Nu Au Bord De La Mer (1909) by Henri Matisse

Nu Au Bord De La Mer - Henri Matisse - 1909

Artwork Information

TitleNu Au Bord De La Mer
ArtistHenri Matisse

About Nu Au Bord De La Mer

The artwork “Nu Au Bord De La Mer” was created by Henri Matisse in 1909. It belongs to the genre of nude painting (nu) and is a portrayal of a female figure set against a coastal landscape. In this composition, Matisse captures the natural beauty of the human form in harmony with the serene environment.

The artwork features a nude female subject standing beside the trunk of a leafy tree, which is artistically stylized, typical of Matisse’s approach to form and space. The figure is rendered with smooth, flowing lines that suggest the softness of the flesh, while the contours of her body are outlined with deliberate strokes to give a sense of solidity and presence. She holds what appears to be a cloth or garment in her left hand. Her posture is relaxed yet poised, creating a sense of ease and naturalness.

In the background, the sea meets the horizon in a calm expanse, with a hill or land mass visible in the distance, contributing to the sense of tranquility in the scene. The sandy shore creates a visual break between the green grassy foreground and the blue water, while the sky is rendered in light blue tones that mirror the calmness of the water below.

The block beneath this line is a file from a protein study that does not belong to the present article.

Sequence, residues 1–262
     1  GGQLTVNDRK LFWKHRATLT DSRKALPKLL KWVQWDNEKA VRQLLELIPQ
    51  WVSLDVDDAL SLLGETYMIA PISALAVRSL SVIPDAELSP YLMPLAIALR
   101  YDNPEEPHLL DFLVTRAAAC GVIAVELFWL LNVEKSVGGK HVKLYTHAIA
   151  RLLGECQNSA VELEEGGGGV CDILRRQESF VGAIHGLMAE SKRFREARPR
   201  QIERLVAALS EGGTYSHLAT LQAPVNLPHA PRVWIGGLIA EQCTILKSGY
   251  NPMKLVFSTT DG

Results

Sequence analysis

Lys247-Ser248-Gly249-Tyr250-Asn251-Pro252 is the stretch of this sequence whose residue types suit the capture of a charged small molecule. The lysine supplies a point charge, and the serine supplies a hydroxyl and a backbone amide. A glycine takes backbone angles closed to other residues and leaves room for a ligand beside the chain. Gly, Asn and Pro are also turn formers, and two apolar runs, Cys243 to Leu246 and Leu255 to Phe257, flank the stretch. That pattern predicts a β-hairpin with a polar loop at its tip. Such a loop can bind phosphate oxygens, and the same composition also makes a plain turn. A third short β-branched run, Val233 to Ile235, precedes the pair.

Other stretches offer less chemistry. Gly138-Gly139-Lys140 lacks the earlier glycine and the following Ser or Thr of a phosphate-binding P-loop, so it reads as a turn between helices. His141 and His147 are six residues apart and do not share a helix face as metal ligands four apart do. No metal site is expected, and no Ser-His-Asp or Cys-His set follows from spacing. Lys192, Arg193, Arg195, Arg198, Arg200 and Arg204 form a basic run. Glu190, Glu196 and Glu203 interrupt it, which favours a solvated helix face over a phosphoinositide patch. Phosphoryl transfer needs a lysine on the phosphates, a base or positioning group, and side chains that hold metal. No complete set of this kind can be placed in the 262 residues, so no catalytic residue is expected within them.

Matisse’s palette is characterized by bold, vivid colors, and the use of contrasting hues to delineate different elements of the landscape reinforces the vibrancy of the scene. The green of the grass and tree, the blue of the sea and sky, and the pale skin tone of the figure are juxtaposed to create a dynamic interplay of color, which is a hallmark of Matisse’s style. The loose brushwork imbues the painting with a sense of immediacy and liveliness, while the overall composition emphasizes the fusion of the figure with the natural surroundings, invoking themes of beauty, simplicity, and the idyllic nature of the coastal setting.

Other Artwork from Henri Matisse

More Artwork from Artchive

Scroll to Top